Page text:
Krisha tells the story of an estranged mother who struggles with substance abuse as she returns home for a family Thanksgiving. What this film does better than any I have seen is to put the audience inside the head of an addict and paint them as both victim and villain. I’ve heard this film compared to a horror movie at times, and it’s easy to see why. Krisha tries so hard to connect with her family members, but from the schizophrenic music and dread-filled tone, the audience knows from the beginning this is doomed to disaster. This is clearly a very personal story to first-time filmmaker Trey Edward Shults; the script feels straight out of his own life, and he even employs his own family as the entire cast. I cannot wait to see what he does next with true horror film It Comes at Night later this year.
Weiner is the perfect documentary for the moment, following the political campaign of Anthony Weiner after his first Twitter dick-pic scandal. This movie has so much on its mind. On the one hand, it’s a Shakespearian tragedy, as Weiner regains the public’s trust only to throw it all away on yet another scandal. It’s a story of addiction; Weiner wants nothing more than to fight for the people of New York City, but simply cannot help but sabotage himself by succumbing to his vice. Perhaps most presciently, it is a story of the media’s role in modern politics, and how the public can be more interested in entertainment and scandal than which politician has their best interest in mind. In many ways, Weiner feels like a foreshadowing of the media circus that became of the 2016 presidential election.
Moonlight was the hardest film for me to place, as it is certainly the film of the year. It tells the story of one boy/man, Chiron, who struggles with forging his identity as he discovers his sexuality. As I mentioned in my “best stuff” list, it is the direction of Barry Jenkins that truly makes this film work. This is a singular orchestral vision of a film, from its beautiful, sweeping score to the gorgeous images put to screen. Moonlight also features one of the best trailers of the year, one that feels almost like a short film that encapsulates all of the emotions of the full feature. Jenkins channels Terrance Malick by maintaining a very contemplative tone, and much like 2011’s The Tree of Life, Moonlight will likely be remembered as the film of 2016 regardless of its Oscar fate.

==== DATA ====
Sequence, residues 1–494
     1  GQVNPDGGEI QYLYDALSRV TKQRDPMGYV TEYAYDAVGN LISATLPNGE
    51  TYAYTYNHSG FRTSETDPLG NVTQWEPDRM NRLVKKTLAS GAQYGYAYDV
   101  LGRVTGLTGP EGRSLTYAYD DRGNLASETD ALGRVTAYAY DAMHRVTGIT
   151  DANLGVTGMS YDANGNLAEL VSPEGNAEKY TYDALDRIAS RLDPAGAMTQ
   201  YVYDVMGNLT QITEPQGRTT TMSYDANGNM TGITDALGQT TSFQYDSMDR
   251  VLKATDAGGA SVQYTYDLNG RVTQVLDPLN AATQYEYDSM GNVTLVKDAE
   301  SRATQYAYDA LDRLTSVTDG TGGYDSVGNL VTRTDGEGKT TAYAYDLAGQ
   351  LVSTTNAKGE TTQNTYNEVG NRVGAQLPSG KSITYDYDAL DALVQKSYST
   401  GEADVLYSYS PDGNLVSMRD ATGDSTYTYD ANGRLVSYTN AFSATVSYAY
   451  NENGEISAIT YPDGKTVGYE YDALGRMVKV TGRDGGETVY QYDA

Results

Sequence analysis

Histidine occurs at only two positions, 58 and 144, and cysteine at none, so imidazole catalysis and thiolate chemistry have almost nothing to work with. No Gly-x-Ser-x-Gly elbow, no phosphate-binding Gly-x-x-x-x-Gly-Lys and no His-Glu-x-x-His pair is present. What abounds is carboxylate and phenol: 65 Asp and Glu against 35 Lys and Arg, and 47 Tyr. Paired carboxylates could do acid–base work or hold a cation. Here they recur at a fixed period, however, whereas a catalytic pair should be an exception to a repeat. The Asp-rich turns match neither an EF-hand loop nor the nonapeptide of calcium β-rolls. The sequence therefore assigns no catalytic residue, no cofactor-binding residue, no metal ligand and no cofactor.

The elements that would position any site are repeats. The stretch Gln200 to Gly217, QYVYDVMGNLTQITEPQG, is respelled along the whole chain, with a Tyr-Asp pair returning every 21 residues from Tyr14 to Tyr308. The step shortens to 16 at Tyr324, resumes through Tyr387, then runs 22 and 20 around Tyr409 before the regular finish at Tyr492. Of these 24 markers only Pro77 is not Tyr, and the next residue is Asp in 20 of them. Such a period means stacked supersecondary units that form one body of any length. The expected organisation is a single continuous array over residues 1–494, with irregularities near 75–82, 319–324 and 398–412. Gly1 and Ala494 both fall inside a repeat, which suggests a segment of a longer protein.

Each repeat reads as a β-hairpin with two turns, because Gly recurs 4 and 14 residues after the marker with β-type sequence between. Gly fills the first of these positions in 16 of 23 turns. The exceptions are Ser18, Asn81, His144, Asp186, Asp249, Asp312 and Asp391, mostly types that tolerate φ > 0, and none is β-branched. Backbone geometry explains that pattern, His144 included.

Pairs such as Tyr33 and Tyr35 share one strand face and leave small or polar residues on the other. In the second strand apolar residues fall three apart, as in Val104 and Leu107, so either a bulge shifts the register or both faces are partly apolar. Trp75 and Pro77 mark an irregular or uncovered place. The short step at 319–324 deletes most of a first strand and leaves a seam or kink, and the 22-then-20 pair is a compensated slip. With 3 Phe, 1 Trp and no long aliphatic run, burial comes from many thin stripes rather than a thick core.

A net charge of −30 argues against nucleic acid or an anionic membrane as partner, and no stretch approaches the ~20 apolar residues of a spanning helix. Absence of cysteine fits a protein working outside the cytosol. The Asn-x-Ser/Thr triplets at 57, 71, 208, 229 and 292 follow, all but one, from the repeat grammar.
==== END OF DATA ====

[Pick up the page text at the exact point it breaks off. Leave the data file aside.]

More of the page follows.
6. O.J. Made in America
“I’m not black, I’m O.J.” By some standards, ESPN’s 7.5-hour 30-for-30 O.J. Made in America may not even qualify as a film, but given that it’s nominated for an Oscar, I’m going to consider it eligible. O.J. Made in America chronicles both the rise and fall of O.J. Simpson, from the beginning of his career, through the trial, and beyond. What this film is really about, though, is privilege. Part 2 of the series chronicles the struggles of the black community during the Civil Rights Movement, all the while O.J. enjoys the privileges of his celebrity. Later, when O.J. goes to trial, it is his money and fame, and the exploitation of justified rage in the black community that affords him an amazing trial team and an eventual acquittal. What is so incredible about this film is how resonant so many events are to the events of today. It is seriously chilling to watch as half the country reacts in horror to O.J.’s acquittal while the other half shows jubilation. O.J. Made in America is quite the commitment, but it is easily the must-see documentary of the year.
5. The Lobster
My girlfriend may kill me for putting this one on the list (she hated this movie). The Lobster is a pitch-black comedy where single people have forty-five days to find a mate, or they will be turned into an animal of their choosing. This is easily the most original screenplay of the year. Every scene is dripping in satire about the nature of romance in society, or how single people view couples and vice versa. It is deeply cynical, frequently offensive, but also hilarious and explores a side of relationships rarely seen on screen. Warning: IMDB bills this as a romance, but do not see this on a date.
4. La La Land